• Saturday, May 18, 2024
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Energy transition must be just, equitable — OPEC

As global leaders continue in the pursuit of cleaner energy, Ambassador Gabriel Aduda, Organization of the Petroleum Exporting Countries (OPEC) Governor for Nigeria, has said that energy transition must be just and equitable, allowing countries to develop energy sources available to them responsibly.

Aduda, in a statement issued to BusinessDay, said that climate change enthusiasts must acknowledge fossil fuels as the fuel that aided the industrialization of advanced nations and come up with modern technologies that will further reduce emissions and not reduce production.

Read also:Energy transition in Nigeria: A path to sustainability

“Africa must develop from the known before it can transition to the unknown. It must harness its vast natural resources and develop the same for the good of its people.

“Big brother nations must recognize that achieving set goals in energy transition, calls for deliberate and sustainable global partnerships where all nations are given a fair field of play and encouraged to develop responsibly energy sources available to them,” he said.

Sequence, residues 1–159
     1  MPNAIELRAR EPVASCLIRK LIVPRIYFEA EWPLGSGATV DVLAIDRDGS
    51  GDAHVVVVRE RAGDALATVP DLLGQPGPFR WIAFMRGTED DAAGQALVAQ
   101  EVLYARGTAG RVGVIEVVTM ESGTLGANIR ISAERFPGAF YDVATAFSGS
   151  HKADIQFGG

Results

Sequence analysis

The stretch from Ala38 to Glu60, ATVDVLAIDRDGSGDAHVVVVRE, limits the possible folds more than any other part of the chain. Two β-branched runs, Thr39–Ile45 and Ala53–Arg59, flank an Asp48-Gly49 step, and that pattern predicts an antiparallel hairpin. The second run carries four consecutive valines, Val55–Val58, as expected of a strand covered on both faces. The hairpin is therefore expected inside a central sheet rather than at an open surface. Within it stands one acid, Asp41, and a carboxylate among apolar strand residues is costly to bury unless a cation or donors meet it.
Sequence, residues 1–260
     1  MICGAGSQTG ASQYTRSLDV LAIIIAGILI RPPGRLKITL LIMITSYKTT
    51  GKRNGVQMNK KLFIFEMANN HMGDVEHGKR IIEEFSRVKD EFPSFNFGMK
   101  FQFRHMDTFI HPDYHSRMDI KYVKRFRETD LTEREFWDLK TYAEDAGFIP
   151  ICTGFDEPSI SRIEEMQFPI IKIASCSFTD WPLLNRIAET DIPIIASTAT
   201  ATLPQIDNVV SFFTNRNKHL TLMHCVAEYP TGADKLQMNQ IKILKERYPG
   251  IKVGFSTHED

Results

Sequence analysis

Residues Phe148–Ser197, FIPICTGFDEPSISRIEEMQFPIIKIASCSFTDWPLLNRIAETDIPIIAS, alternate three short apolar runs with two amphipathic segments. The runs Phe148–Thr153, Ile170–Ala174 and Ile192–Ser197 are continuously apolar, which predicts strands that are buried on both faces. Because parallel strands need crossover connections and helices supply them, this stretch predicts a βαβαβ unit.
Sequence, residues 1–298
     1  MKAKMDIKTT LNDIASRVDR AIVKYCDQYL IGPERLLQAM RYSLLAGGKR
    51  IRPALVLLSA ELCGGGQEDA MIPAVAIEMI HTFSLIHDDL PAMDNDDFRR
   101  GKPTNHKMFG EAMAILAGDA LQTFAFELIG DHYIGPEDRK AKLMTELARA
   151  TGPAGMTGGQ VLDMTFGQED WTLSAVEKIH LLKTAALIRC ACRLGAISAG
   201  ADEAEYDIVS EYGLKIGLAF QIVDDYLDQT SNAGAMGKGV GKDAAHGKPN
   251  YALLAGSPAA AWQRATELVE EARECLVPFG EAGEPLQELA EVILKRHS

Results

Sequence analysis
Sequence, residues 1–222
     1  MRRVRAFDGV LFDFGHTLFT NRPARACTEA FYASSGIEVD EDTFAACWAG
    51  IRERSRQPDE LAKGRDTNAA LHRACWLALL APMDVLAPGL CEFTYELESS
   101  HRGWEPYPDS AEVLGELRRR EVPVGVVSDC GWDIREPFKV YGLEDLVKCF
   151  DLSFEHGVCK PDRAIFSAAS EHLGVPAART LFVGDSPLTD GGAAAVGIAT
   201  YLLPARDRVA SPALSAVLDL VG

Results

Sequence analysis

Read also:Energy Transition requires $3.1 trn in grid investment by 2030 – Rystad Energy

Aduda made this submission during the Global Reputation Forum’s commemoration of the International Women’s Day (IWD) which gathered world leaders, dignitaries, and entrepreneurs at the House of Lords, House of Parliament Westminster, the United Kingdom.

In her remarks, Bibi Ameenah Firdaus Gurib-Fakim GCSK, former president of Mauritius said the two interwoven sustainable development fields of environmental and social needs seem to have drifted apart from the way they measure progress and should work together.

“Secretary-General Antonio Guterres said and I quote: “Today’s global challenges, from the climate crisis to growing inequality and the governance of new technology, can only be resolved
through dialogue and cooperation.”

She said with the world 6 years away from the 2030 deadline for achieving the UN’s Sustainable Development Goals (SDGs), collaboration will be not only essential but critical as progress so far is nowhere near where it is needed.

Read also:Nigeria far behind in meeting SDGs – Reps

“Just 12 per cent of the targets for which data exists are on track, alone half are off track and more than one-third are either failing to advance or worse still, regressing below the baseline set in 2015.

“It is only through cross-sector, cross-industry and cross-society partnerships that we can scale the societal commitments to which we hold ourselves accountable and protect the global commons.

“So we need to explore and establish dynamic partnerships that explicitly expand our boundaries, particularly at the national and local levels where the necessary flexibility allows us to address locally relevant issues.”